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Monty Python and the Holy Grail

Monty Python and the Holy Grail
Comedy, Adventure | 1975 | PG. 1hr 31min
CAST: Graham Chapman, John Cleese, Eric Idle, Terry Gilliam, Terry Jones, Michael Palin DIRECTOR: Terry Gilliam, Terry Jones WEIRD ELEPHANT SERIES

50th anniversary screening! Monty Python is on a medieval quest in their first feature film Monty Python and The Holy Grail.

England 932 A.D and King Arthur (Graham Chapman) accompanied by his trusty servant Patsy (Terry Gilliam) is seeking Knights to join his Round Table at Camelot. Arthur confronts two guards preoccupied with swallows, argues with a group of constitutional peasants, challenges a Black Knight who comes apart at the seams and witnesses the outing of a witch before enrolling his first knight, Bedevere the Wise (Terry Jones). Other knights follow: Sir Lancelot the Brave (John Cleese), Sir Galahad the Pure (Michael Palin) and the not-quite-so-brave Sir Robin (Eric Idle).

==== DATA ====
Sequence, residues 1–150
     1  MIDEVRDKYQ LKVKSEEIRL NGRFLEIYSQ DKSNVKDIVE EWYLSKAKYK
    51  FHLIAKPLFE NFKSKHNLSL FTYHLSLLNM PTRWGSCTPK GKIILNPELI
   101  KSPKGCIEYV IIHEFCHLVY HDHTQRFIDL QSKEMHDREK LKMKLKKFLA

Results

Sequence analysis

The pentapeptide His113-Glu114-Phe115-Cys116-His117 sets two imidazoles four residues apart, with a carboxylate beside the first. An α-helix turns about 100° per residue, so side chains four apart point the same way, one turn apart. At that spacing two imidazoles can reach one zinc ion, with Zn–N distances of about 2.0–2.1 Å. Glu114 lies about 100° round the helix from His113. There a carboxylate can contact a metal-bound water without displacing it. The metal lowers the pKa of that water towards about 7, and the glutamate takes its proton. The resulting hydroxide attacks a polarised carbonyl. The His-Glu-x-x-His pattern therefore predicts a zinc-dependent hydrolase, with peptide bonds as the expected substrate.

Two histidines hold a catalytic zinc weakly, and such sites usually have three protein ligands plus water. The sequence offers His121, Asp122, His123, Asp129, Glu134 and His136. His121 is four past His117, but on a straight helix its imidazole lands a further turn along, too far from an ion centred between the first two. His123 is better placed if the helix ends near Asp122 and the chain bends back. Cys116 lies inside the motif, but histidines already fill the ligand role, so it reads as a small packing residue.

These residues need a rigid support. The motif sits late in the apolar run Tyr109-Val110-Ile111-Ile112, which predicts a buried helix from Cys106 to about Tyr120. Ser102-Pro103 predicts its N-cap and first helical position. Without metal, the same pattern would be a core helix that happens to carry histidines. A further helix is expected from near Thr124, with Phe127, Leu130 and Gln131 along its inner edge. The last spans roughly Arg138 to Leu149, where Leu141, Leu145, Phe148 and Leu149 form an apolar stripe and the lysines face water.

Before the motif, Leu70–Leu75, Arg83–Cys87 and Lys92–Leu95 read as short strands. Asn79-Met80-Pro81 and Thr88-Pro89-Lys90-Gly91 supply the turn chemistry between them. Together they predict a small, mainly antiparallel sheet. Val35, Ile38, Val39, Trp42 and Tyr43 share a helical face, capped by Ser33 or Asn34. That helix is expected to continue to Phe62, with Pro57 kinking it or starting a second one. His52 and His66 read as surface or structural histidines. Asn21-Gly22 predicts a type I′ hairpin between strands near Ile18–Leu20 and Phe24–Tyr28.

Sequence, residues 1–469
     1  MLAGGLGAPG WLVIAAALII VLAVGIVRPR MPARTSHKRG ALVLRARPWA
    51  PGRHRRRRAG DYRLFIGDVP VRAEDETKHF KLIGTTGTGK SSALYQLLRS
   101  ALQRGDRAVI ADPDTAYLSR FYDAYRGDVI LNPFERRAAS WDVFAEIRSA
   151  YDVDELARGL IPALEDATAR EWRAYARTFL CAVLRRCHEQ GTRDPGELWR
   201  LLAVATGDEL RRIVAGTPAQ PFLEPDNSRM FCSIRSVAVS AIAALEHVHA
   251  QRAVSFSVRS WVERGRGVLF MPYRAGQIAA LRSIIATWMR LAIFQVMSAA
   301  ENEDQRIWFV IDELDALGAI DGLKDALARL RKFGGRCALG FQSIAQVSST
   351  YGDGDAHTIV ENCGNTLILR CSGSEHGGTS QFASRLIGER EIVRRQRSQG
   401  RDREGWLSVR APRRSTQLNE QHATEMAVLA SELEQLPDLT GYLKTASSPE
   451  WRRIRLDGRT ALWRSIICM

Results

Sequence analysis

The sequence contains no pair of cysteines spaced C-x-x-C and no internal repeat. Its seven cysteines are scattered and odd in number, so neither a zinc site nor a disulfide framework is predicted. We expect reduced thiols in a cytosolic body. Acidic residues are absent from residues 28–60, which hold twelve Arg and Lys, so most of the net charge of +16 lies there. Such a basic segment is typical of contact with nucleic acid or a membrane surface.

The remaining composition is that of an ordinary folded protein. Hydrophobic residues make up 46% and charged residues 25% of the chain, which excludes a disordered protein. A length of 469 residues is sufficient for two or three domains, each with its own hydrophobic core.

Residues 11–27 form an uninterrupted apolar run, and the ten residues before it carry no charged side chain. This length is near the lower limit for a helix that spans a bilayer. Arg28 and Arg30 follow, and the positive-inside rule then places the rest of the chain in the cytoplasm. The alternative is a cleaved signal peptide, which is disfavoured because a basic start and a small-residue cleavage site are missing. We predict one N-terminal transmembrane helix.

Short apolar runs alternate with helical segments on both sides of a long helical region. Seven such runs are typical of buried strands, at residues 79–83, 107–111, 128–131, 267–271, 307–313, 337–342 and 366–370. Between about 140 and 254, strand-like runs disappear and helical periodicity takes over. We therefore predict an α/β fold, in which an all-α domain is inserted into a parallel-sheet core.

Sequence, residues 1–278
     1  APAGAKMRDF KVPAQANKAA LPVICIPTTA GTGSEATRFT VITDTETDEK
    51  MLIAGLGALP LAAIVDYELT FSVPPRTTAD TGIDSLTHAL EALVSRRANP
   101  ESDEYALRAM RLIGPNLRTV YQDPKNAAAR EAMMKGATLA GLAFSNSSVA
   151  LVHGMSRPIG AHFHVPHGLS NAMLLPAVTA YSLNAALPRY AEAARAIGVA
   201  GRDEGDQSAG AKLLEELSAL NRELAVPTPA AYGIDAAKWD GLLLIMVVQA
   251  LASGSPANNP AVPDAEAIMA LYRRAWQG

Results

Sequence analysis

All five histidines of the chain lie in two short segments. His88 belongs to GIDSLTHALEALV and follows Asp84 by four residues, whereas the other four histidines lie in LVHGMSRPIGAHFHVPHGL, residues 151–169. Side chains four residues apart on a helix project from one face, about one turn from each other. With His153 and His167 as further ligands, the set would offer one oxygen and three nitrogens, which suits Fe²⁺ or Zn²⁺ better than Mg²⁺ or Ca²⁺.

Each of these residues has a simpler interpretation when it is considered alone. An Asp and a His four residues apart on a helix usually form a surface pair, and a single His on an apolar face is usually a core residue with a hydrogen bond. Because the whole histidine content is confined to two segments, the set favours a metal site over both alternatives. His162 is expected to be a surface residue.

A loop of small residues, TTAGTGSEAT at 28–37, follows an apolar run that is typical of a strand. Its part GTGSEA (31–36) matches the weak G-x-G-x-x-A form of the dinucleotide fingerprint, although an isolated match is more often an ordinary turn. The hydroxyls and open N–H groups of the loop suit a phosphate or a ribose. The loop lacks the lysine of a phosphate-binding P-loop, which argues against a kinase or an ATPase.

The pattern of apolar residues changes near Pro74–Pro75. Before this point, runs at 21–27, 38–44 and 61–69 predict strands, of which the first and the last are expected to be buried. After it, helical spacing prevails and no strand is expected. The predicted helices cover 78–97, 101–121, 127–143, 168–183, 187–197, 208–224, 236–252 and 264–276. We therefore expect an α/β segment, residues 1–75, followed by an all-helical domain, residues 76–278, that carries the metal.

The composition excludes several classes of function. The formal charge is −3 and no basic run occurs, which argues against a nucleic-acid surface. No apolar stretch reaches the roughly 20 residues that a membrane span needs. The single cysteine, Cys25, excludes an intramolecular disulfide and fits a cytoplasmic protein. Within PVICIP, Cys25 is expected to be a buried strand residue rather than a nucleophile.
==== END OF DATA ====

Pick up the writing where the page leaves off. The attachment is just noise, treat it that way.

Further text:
Avoiding the singing dancers of Camelot, Arthur and his Knights are inspired by God to quest together for the Holy Grail. But taunted and humiliated by the French, they decide go their separate ways.

Sir Robin is confronted by a Three-Headed Knight, Sir Lancelot hacks his way through a wedding to save a damsel in distress, Arthur and Bedevere, warned by a Soothsayer, meet the shrubbery loving Knights of Ni while Sir Galahad almost falls to the temptation of the virgins of Castle Anthrax.
The Knights join up again and after an arduous journey encounter Tim the Enchanter who leads them to the cave, guarded by a foul creature, wherein an ancient inscription reveals the whereabouts of the Grail.

The Bridge of Death claims its victims and only Arthur and Bedevere reach the final resting place of the Holy Grail, only to be thwarted by old adversaries.


Movie
Reviews
Grail is as funny as a movie can get, but it is also a tough-minded picture -- as outraged about the human propensity for violence as it is outrageous in its attack on that propensity.
Richard Schickel, TIME Magazine
The material is superb, Neil Innes' music is tremendous and Gilliam's animations are timelessly brilliant.
Peter Bradshaw, Guardian
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